In 2009, the Department of Health commissioned the King’s Fund to develop programmes called ‘Enhancing the healing environment’ (EHE) that would improve the experiences of people with dementia as part of the National Dementia Strategy. At the time of writing (2012), projects from 23 teams of mental health, acute and community trusts have shown how changes to lighting and floor coverings, and improved wayfinding, have a significant impact. In the mental health trusts they reported a reduction in the number of falls, violent incidents and aggressive behaviour, reducing the need for the use of antipsychotic drugs (King’s Fund, 2011).
Activity 4 Good design in practice
Watch the videos below about two care homes, Elmhurst and The Lodge, in which the care staff talk about the difference that the design has made to the experience of being in a care home. Note how the principles of good design have been used and consider the following questions:
- What difference has the design made to the lives of the residents?
- What do the staff and family have to say about the difference that the design has made?
- Note what it is possible to do on a low budget.
Transcript: Video 1 Elmhurst
Video 1 Elmhurst
Elmhurst Residential Care Home, Ulverston, Cumbria
Elmhurst was purpose built in 1983, to accommodate forty physically frail people. Now demand has shifted. Thirty of today’s residents have some degree of dementia. But the original building wasn’t designed to be dementia-friendly.
Beckside was the first wing to incorporate dementia-friendly design features.
Residents’ front doors now have contrasting designs and colours, which aid recognition. Doors to utility rooms are painted to blend in with the walls. Bathroom and toilet doors are painted yellow, so they really stand out.
Residents had some choice over the colours of wallpaper and furnishings.
The refurbished rooms incorporate dementia-friendly furniture and fittings.
The mirror over the sink can be hidden behind dementia-friendly wooden doors. And each of the rooms is fitted with a range of assistive technologies.
When residents are out and about, there’s plenty for them to look at.
Communal spaces now feel much more homely and welcoming.
A lot of consideration was given to the colour of the crockery.
Even the garden has been transformed, making it much more dementia-friendly.
Transcript: Video 2 The Lodge
Video 2 The Lodge
Buckshaw Retirement Village, Chorley, Lancs
The Lodge is a purpose-built residential and nursing home, designed for dementia care.
Wide, well-lit corridors are central to the dementia-friendly design.
Good design is not only about continuity, it’s also about contrast.
And everything has been designed to be dementia-friendly.
The focal point of The Lodge is the two storey Market Square.
The garden serves The Lodge’s residential and nursing communities.
Colour and contrast are important elements of dementia-friendly garden design.
And careful consideration was given to the continuity of the paving.
The two videos show the difference that the design features have made and illustrate how good design affects quality of life for people with dementia. It’s clear, too, that the impact of the environment on care staff is an important aspect of giving good quality care, as noted also by Barnes and the Design in Caring Environments Study Group (2002).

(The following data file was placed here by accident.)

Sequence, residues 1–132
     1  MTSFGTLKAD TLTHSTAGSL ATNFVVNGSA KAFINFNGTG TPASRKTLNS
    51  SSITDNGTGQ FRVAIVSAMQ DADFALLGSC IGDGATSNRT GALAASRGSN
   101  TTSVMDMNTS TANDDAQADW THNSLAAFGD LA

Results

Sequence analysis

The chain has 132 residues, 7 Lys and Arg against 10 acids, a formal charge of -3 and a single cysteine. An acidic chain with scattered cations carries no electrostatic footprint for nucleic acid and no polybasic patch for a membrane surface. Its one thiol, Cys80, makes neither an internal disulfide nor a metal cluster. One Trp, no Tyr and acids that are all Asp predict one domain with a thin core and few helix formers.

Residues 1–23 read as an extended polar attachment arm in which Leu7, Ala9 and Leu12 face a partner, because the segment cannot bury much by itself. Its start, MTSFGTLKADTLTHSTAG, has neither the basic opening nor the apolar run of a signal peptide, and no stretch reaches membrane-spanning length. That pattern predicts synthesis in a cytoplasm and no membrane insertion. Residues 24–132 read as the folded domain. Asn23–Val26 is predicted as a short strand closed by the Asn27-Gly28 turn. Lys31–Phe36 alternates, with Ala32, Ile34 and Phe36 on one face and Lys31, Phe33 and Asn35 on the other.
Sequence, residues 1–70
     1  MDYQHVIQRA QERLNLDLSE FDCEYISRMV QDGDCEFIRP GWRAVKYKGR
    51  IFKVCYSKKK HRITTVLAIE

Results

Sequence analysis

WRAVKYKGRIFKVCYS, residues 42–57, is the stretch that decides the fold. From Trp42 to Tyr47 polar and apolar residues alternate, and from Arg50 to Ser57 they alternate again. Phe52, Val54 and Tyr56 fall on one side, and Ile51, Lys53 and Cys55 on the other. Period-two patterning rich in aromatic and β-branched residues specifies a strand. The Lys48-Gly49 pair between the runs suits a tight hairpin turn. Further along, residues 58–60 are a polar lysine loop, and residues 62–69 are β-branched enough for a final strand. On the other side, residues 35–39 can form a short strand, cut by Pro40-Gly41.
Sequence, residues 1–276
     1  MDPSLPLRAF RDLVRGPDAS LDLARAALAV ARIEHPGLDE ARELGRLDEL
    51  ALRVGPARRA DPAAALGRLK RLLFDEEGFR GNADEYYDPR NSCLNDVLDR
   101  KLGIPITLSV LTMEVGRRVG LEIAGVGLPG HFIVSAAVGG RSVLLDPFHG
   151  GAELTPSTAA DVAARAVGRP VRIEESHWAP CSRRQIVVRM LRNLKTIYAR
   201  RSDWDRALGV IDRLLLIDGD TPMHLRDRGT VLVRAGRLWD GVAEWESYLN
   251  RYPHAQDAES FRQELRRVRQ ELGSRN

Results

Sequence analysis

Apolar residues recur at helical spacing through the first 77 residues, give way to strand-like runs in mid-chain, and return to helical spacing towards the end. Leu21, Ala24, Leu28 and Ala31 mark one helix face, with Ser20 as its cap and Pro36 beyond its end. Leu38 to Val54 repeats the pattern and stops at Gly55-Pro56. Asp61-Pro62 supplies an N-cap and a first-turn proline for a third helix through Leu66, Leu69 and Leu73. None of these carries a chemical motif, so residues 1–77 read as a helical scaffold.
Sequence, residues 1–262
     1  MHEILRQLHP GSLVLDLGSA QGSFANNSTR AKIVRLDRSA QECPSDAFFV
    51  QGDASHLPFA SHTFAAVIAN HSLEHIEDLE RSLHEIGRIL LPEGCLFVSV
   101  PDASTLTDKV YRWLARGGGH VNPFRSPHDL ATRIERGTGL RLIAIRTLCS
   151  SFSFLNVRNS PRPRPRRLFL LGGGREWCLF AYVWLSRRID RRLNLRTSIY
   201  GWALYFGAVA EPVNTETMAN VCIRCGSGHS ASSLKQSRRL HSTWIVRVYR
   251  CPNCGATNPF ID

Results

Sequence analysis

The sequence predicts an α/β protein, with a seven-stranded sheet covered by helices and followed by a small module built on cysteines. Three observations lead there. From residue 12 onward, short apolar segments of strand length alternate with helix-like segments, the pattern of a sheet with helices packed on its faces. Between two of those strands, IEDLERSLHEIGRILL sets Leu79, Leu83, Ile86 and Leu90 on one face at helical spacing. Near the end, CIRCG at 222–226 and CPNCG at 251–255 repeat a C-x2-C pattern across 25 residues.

For people with dementia, being lost in time and space might be an everyday experience.
It can be very distressing to be in your own home and not recognise the rooms and layout in the same way. The key principles of the design of space apply equally to domestic settings, . Most people in the earlier stages of dementia live in a home setting, either in their own home or with family members.
Imagine that you have a family member coming to stay with you who has early-onset dementia and is no longer able to live independently. How would you be able to adapt your home? What features are relatively easy to use, and what constraints might you have in adapting a domestic home without major structural changes? This is the focus of the final activity.
Activity 5 Putting design into practice
In the figure below, you are given two spaces to design – a bedroom and a bathroom. Apply the principles that you have learned in this free course to the design of these spaces for someone with dementia. Make notes on any adaptations and your reasons for including them.
You should imagine that you will present what you have done to either colleagues with whom you work or a support group for carers of people with dementia.
This activity is designed to help you to apply the principles to a real setting. It is also hoped that if you work in a care setting, this is something that could be used in practice, at least as an item for discussion. The small-scale technologies that exist can promote independence for people with dementia. These include such things as electronic tracking devices to prevent people from getting lost, simple communication devices, water-level alarms for baths and sinks, talking labels and touch-screen technologies. Indeed, there are many hundreds of types of small-scale technologies aimed at enhancing independent living for people with dementia.